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2399 Silver Lake Blvd, Unit 18
Los Angeles, CA 90039
tel: 323.412.0382

info@zoebioscreative.com

 We would love to help you to curate an amazing collection!

2399 Silver Lake Blvd
Los Angeles, CA, 90039
United States

323.412.0382

zo•e [zoh'-ee] Gk. n. life: infinite, eternal, organic
bi•os [bahy'-ohs] Gk. n. life: finite, mortal, praxis

Zoe Bios Creative was founded in Silver Lake, California in 2011.

Zoe Bios Creative has coined the term ‘ArtEntouré’ to express a full circle cross-pollination of the art world with the design world. “Our fusion of art and design inspires a vitality of meaning in the everyday, hopefully provoking a higher consciousness in the way we live with, and make use of objects.”

ZBC’s is also a traverse across cultures, understanding how the relativity of meaning thrives along side the persistent universality of beauty. “We focus on the visual organization of new forms—chance arrangements and purposeful compositions. We want to inspire unconventional thinking, and creative design solutions while maintaining a mindful attention to beauty and contentment in every object that we offer…we are artists, curators, and collaborators.”

Blog

Uncontrollable Beauty: Beauty and Morality

ZBC House Collection

By: DG

Left: Robert Motherwell - Elegy to the Spanish Republic No. 172 (with Blood) Right: Zoe Bios Creative - Malta Triptych Plum

Left: Robert Motherwell - Elegy to the Spanish Republic No. 172 (with Blood)
Right: Zoe Bios Creative - Malta Triptych Plum

In postulating beauty, philosopher and art critic Arthur Danto reflects on Robert Motherwell’s Elegies to the Spanish Republic where black and white shapes and somber colors point towards a reality that sets a beautiful mood.  To Danto, this is only done successfully in the work’s philosophical perspective, where beauty catalyzes raw emotion into tranquil sadness. In short, the combination of beauty and pain transforms into a muted pleasure.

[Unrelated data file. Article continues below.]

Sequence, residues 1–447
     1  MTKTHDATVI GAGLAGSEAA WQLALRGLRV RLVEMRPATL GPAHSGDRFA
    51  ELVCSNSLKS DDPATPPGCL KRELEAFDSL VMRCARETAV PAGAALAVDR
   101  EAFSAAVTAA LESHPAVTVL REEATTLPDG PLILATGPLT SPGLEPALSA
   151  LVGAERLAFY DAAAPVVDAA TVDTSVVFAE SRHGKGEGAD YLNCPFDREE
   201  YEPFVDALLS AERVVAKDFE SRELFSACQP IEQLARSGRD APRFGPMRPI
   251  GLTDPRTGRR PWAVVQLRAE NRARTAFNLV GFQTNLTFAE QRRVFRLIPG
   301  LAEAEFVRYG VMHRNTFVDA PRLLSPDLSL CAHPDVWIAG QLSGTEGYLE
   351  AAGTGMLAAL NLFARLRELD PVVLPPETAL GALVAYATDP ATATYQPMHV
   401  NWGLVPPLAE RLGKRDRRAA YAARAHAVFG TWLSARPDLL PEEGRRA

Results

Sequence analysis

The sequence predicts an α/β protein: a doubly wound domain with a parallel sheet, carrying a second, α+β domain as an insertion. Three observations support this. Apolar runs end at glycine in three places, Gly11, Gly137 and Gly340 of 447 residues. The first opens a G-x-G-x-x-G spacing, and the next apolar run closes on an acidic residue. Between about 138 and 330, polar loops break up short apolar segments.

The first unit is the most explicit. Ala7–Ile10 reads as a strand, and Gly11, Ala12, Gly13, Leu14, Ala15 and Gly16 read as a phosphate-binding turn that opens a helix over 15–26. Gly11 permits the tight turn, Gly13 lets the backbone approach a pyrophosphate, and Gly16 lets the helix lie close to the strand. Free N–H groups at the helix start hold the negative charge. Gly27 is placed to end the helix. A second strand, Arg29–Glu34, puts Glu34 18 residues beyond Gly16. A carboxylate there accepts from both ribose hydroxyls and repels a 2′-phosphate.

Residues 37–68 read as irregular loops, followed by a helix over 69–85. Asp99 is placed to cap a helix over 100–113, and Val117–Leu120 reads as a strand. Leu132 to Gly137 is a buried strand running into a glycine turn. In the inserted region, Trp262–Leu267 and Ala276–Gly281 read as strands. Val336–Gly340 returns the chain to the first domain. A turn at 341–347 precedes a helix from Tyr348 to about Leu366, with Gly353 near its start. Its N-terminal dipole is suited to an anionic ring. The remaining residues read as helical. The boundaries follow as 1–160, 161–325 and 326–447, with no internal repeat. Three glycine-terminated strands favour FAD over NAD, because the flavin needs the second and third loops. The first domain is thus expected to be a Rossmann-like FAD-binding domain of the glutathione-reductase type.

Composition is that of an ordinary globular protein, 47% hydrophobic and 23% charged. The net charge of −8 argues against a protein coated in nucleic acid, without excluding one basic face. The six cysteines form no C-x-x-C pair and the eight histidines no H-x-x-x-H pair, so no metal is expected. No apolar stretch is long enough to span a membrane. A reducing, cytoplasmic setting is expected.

Herein lies the question: Is it appropriate to use beauty in art with reference to sociopolitical conflict and devastation? Does beauty, in this case, distance the content all too sharply?
To Danto, what differentiates Elegies from such inappropriateness is an internal and philosophical connectivity to the reference and mood. He compares the same use of internal beauty in other artworks such as an unusual 19th c. Tibetan tangka depicting a historic death of Buddha, where (unlike most of these tangkas, which show terrifying depictions) the beauty of the time and place sits in striking contrast to the monks who surround in grievance. Here beauty alone transfers to the work itself. In each of these very different paintings, internal beauty becomes the connective tissue in the content and as Danto puts it, “cadences of sung or declaimed elegies”.  There are many works of art that do not have a carefully chosen subject and are inappropriate in their use of beauty. When beauty is responsibly used it is embodied and intended in the work itself, and fulfilled in its interpretation, rather than used purely for aesthetic purposes.
See also our previous post featuring Diana Matar’s exhibition, Still Far Away, a photography exhibit that similarly explores the controversies of beauty depicted in a sociopolitical context.